If you secure a spot in the tournament, your query and the first 250 words of your manuscript (to the end of a complete sentence) will be pitted against another query and first 250 words. Judges will read each match-up and vote 'Victory' on the best entry. Remember, this is subjective. Considering last year, votes may come down to personal tastes.

The entry with the most ‘victories’ at the end of the round will advance to the next round until only one champion remains. 

This year the agent round will be held after the first round. That mean 32 entries will make it into the agent round. 32!

Of course, there's a twist!

The agent round will be conducted in secret. And by secret, we mean TOP SECRET. Entrants won't know who requested what—or how much—until that entrant has been eliminated from the contest.
On the plus side, winners of the first round will be able to resubmit their entry prior to the agent round. So, any feedback the judges give can be implemented before the agents see your work.

Who’s invited to submit:

The Query Kombat tournament is open only to unagented writers seeking representation. Your manuscript must be complete, polished, and ready to submit. If your manuscript has already been in the agent round of another contest, you are not eligible to participate in Query Kombat. You can only submit one entry per person. Please don’t try to sneak in or use other emails. The QK team includes about fifty people and a few hundreds of spectators. Someone will notice and inform us. Submissions for Picture Books, MG, YA, NA, and Adult works will be accepted.

The submission window will open on May 22nd at 5:30 EST and close at 6:30 EST. You have one hour and one hour only to send in your submission! We will have email confirmation. If you don't receive it within an hour of submitting your entry, contact us via twitter and let us know.  Kontestants will be revealed on May 30th, and the tournament will kick off on June 1st.

IMPORTANT: The Query Kombat team reserves the right to disqualify any entrant at any time for any reason. If an entrant is disqualified before the agent round, an alternate will take its place. If an entrant is disqualified after the agent round, the opposing entry will automatically advance to the next round. The only time we will ever disqualify an applicant is if you say or do something to blemish the spirit of query contests. Query Kombat is supposed to be fun…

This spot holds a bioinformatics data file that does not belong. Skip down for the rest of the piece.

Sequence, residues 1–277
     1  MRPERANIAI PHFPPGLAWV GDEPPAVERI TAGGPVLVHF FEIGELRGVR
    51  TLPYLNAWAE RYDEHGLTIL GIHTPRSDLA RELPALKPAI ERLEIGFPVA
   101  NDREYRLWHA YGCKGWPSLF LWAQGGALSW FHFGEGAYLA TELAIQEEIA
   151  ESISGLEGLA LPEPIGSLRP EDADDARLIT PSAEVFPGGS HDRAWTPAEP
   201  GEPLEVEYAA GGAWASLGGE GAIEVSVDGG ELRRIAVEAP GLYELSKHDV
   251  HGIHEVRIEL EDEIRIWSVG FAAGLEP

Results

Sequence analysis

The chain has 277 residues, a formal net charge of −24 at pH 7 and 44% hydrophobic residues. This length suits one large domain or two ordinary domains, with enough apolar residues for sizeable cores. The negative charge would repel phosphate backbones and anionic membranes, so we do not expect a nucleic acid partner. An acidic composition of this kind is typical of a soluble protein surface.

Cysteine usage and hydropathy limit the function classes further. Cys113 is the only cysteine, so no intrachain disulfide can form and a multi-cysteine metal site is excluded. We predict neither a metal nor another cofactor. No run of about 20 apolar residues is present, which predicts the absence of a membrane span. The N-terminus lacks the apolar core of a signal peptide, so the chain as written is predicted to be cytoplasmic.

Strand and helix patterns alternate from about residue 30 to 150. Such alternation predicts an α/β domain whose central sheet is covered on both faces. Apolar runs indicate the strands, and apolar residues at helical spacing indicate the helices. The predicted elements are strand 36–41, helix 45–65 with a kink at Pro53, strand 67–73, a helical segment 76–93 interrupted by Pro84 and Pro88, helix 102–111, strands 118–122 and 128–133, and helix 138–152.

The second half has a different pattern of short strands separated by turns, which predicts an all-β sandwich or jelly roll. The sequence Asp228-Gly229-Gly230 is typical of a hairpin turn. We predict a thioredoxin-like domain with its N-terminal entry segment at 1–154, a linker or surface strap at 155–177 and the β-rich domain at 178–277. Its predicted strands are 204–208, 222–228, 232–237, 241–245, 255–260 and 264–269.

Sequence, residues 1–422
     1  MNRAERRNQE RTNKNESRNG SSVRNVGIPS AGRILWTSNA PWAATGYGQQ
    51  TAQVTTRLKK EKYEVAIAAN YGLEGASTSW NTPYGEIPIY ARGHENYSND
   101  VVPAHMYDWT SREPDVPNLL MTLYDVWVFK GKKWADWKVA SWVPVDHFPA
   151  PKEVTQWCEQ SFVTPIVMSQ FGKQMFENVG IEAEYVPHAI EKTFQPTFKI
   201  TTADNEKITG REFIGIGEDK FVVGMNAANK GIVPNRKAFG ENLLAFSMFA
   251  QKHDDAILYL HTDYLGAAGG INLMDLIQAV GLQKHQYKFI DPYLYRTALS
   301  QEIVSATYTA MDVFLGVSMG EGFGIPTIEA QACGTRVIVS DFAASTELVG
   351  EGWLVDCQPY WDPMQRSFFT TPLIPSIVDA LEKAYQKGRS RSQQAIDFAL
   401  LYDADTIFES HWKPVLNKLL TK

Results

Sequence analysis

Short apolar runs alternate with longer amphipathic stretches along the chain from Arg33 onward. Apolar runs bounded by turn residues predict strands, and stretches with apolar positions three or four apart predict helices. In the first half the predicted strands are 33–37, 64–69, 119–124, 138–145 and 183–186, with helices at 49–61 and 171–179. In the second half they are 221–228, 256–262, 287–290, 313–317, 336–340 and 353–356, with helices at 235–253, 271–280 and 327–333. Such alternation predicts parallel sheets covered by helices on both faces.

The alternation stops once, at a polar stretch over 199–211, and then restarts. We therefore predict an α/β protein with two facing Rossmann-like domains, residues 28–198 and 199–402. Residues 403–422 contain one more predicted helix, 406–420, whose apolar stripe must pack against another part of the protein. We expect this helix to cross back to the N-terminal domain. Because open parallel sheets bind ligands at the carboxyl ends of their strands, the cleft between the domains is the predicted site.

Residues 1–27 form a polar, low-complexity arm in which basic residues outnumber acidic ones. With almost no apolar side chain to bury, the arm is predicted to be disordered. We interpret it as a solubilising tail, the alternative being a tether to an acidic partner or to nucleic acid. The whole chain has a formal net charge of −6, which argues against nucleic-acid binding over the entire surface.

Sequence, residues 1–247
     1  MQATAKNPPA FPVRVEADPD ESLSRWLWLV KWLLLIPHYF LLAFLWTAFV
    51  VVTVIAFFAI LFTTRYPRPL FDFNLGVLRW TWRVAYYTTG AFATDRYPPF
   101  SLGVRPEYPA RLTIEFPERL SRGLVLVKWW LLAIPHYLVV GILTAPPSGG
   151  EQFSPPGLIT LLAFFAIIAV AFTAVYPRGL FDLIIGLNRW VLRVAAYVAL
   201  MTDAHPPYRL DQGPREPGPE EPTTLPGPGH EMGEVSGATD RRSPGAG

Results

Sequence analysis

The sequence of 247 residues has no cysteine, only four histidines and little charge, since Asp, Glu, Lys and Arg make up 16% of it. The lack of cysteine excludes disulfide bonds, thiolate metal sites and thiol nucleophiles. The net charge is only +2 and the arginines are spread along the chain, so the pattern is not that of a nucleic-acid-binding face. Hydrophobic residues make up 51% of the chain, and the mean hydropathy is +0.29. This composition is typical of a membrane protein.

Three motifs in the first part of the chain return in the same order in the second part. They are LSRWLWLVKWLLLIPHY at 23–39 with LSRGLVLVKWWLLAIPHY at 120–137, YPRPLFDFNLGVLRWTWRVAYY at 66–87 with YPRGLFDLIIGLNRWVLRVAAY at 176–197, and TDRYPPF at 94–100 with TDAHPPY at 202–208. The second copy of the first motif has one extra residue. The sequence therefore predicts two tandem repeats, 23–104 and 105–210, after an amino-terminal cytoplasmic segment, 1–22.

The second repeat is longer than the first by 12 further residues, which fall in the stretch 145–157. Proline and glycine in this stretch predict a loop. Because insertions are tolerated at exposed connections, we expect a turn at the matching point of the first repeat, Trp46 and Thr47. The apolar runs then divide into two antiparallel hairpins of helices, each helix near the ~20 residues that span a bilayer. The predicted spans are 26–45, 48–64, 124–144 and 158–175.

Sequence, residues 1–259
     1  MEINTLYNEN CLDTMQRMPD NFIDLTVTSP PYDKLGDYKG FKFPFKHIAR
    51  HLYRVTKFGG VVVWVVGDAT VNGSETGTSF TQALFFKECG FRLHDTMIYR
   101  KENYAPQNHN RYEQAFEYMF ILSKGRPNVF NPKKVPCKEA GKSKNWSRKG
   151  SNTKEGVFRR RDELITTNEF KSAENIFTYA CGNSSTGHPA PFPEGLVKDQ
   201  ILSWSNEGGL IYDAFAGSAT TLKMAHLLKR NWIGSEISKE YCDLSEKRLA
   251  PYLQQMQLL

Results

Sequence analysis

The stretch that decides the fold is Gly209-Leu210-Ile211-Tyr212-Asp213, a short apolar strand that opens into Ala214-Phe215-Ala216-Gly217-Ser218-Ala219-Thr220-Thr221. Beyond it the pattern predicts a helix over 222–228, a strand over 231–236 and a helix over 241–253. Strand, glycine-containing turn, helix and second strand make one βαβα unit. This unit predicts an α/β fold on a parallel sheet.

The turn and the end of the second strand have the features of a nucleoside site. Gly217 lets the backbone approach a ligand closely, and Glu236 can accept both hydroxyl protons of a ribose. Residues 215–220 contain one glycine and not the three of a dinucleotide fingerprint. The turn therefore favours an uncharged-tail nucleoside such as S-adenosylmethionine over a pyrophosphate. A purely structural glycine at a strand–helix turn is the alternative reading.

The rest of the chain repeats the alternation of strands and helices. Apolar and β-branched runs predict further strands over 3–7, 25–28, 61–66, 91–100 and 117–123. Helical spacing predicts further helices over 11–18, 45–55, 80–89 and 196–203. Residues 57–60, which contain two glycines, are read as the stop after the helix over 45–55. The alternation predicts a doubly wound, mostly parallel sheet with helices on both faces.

So none of this!

In order to enter the contest you MUST follow formatting guidelines, and submit during the contest window. All entries that follow said guidelines will be considered. 

In the event that we receive more than the available 64 spots (this is highly expected), Michelle, Mike, and I will savagely attack the slush pile in attempts to build the best team. We will pick (and announce) three alternates in case a submission is disqualified.

Entries should be sent to:  QueryKombat (at) gmail (dot) com. The email address has changed from last year. Be mindful of that.

Formatting guidelines:

Font: Times New Roman (or an equivalent), 12pt font, single-spaced with spaces between each paragraph. No (I repeat: NO!) indentations.
Subject line of the Email: A short, unique nickname for your entry [colon] your genre (audience included). Do not skip this step or your entry will be deleted. (ex. I Fell in Love with a Ken Doll: Adult Erotica)

For the nickname, make it as unique as possible so that there are no duplicates. These will be the names used in the tournament (or an abbreviated version if it's too long) so keep it PG-13 and try to have it relate to your story in some way.

In the body of the email (with examples):

Entry Nickname: I Fell in Love with a Ken Doll
Name: Michael Anthony
Email address: myboyfriendwasbittenbyashark (at) gmail (dot) com.
Title: Eunuchs and Politics
Word count: 68K
Genre: Adult Erotica


I FELL IN LOVE WITH A KEN DOLL tells the harrowing story of Barbra B. Doll, a US senator who goes against country, family, and the Illumaniti to be with an amateur surfer with no genitalia. 

First 250 words:

Don't include the chapter title and please, don't stop in the middle of a sentence.